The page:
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Letter to AISRAP

Data on suicides in Australia

Naoko Ide
Researcher
Australian Institute for Suicide Research and Prevention (AISRAP) and
WHO Collaborating Centre for Research and Training in Suicide Prevention
Mt Gravatt Campus, Griffith University
Nathan QLD 4111

n.ide@griffith.edu.au
http://www.griffith.edu.au/school/psy/aisrap/


Cc: Professor Diego De Leo
Director
Australian Institute for Suicide Research and Prevention (AISRAP)
d.deleo@griffith.edu.au
http://www.griffith.edu.au/school/psy/aisrap/

Dear Naoko,
Simon Hunt has passed on an email from you where you mention, in relation to suicides relating to family breakdown:

"I agree with you that issues with shared parenting, child residence and other legal processes are crucial factors, and that's why we ask these issues in our survey.  We need voices from men like yourself so we can move forward in the right direction".

May I add my voice to the cry of frustration ?

The fact that Coroners and Suicide Researchers around Australia (with perhaps the exception of the Coroner in Gosford NSW) have never, to my knowledge, looked into these crucial factors, and certainly not in a systematic way, is so incredible to me that it makes one wonder whether there is not a deliberate policy to avoid the issues.

I have seen studies of suicide where they focus on the methods - hanging, carbon monoxide, firearms etc, but do not look for the causes of suicide such as:
* family breakdown, and whether this might have involved a
* Family Court case,
* restricted access to the children,
* allegations of violence or child abuse which the suicide victim alleged were false but was unable to prove,
* claims that Child Support payments were too high
* other parent moved away, possibly with permission of the Family Court of Australia
* all the above and in relation to sickness or injury


It doesn't need to be established if the family breakup, or the allegations, or the Family Court process, or the disability, or the CSA payments were the cause of the suicide.  Rather, it merely needs to be established in what percent of suicides were these factors present.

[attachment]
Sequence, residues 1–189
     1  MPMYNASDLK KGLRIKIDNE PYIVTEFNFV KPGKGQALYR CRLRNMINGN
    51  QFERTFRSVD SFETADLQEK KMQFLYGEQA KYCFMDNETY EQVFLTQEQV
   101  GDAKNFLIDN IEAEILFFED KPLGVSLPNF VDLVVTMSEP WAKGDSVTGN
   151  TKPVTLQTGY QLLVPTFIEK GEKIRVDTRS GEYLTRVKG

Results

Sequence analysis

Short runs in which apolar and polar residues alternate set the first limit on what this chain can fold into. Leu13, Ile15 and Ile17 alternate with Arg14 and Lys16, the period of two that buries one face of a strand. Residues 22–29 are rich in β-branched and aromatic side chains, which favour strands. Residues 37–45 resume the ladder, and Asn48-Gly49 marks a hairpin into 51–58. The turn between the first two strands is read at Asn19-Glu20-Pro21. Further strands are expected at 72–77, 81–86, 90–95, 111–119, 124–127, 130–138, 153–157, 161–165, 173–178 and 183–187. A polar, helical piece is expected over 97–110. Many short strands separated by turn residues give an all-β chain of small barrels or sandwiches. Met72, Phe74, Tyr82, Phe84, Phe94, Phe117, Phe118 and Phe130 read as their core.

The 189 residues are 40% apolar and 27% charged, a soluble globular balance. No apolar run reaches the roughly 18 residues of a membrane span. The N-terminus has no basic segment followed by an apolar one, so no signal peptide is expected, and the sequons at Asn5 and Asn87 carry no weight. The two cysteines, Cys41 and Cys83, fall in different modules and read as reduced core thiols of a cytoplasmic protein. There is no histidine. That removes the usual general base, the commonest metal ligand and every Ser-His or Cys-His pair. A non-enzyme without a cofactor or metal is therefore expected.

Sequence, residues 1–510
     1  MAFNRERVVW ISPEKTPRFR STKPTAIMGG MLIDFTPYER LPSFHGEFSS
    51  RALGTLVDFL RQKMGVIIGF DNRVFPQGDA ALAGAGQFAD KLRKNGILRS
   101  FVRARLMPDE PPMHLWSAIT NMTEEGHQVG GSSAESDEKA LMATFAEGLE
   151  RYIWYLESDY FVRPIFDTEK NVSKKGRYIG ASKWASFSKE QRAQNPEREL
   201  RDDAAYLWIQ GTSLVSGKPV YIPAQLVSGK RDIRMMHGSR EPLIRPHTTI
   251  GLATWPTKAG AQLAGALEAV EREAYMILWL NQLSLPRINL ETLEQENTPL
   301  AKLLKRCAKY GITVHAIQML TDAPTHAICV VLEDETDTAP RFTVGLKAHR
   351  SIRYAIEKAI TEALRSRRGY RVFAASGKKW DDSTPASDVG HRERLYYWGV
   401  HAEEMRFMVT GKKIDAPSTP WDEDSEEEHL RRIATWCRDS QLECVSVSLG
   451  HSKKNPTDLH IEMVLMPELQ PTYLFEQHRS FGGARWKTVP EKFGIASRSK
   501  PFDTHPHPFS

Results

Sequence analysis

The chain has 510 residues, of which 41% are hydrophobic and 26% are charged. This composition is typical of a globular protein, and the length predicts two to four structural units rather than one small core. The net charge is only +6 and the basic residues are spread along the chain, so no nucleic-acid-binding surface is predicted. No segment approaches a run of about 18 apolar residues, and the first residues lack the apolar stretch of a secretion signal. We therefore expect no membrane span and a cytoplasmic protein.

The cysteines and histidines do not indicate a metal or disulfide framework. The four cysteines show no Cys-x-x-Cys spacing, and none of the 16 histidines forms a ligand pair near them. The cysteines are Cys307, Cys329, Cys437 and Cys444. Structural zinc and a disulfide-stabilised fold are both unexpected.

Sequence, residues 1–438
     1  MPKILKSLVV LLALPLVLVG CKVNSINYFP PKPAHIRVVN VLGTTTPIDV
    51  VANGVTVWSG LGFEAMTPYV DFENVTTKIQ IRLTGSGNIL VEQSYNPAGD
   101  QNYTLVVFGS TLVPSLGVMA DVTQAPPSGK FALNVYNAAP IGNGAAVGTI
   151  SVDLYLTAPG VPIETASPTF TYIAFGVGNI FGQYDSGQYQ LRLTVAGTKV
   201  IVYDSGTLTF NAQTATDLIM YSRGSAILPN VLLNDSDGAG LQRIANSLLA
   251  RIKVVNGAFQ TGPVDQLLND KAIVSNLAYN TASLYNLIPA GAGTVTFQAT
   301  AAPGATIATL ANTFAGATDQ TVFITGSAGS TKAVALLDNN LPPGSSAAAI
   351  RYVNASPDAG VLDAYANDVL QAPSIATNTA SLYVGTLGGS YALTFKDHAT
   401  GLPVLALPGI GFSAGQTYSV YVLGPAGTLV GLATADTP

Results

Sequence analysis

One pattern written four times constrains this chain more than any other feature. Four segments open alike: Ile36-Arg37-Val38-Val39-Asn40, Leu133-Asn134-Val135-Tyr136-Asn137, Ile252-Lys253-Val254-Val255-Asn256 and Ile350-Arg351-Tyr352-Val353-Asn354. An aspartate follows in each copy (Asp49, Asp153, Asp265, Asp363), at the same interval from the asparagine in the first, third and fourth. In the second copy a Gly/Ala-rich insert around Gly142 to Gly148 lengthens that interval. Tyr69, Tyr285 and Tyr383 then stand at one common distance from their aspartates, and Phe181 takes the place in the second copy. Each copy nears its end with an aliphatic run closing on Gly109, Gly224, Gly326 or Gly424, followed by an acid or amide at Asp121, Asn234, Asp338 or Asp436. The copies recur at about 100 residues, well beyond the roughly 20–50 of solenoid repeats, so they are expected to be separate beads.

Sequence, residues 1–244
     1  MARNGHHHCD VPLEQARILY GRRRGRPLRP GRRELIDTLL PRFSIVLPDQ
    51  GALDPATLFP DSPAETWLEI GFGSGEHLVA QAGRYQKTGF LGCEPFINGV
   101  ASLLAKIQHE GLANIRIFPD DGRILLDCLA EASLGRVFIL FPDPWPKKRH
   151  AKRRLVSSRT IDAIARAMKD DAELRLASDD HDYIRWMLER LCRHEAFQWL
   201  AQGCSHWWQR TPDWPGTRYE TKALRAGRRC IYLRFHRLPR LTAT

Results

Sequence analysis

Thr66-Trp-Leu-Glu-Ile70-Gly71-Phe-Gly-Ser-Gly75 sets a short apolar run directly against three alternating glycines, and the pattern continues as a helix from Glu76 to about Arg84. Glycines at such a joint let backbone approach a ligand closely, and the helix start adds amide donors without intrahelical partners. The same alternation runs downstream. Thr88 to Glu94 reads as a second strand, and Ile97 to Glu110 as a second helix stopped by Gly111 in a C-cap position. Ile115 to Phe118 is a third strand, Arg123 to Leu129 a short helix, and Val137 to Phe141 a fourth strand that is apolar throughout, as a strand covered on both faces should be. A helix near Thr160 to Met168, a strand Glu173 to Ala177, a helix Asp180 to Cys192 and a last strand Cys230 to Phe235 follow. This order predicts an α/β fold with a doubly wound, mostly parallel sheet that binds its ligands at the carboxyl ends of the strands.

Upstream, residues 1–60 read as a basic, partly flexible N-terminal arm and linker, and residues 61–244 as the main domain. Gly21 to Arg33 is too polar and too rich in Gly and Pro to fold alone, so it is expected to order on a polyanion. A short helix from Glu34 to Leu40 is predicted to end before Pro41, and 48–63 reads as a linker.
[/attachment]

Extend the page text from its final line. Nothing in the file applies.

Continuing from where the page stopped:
(Also qualitative information such as suicide notes which indicate certain factors would also be helpful).

What is more important - what method they used, or why they committed suicide ?  If we found most people suicided by hanging what are we going to do - restrict the sale of rope ?

Could you please provide any statistics of any studies (please provide full references) that have been done in Australia in this regard relating to suicides of both men and women - ever ?  My guess is that you are not able to produce any.  I hope I am wrong.

I suggest there also needs to be research into the link between such suicides and murder of the ex-partner and/or the children.  Even though homicide may be outside your discipline, there is a clear connection when placed in the context of the above, and I would have thought it would be necessary to include such homicide research to understand the complete nature of this important component of suicides (10% ?  20% ?) in Australia.

How can there possibly be an "Australian Institute for Suicide Research and Prevention (AISRAP)" which hasn't asked these very obvious questions ?

I look forward to any data you may be able to provide as there are at least 8,000 tax-paying Dads (and Mums) of various community groups who are very interested in this issue and who are currently waiting for some answers.

Thankyou for taking the trouble to respond to us.

Kind Regards,
Geoff Holland

prism@optusnet.com.au

Coordinator, Equal Parenting Movement

Co-director, Fathers4Equality

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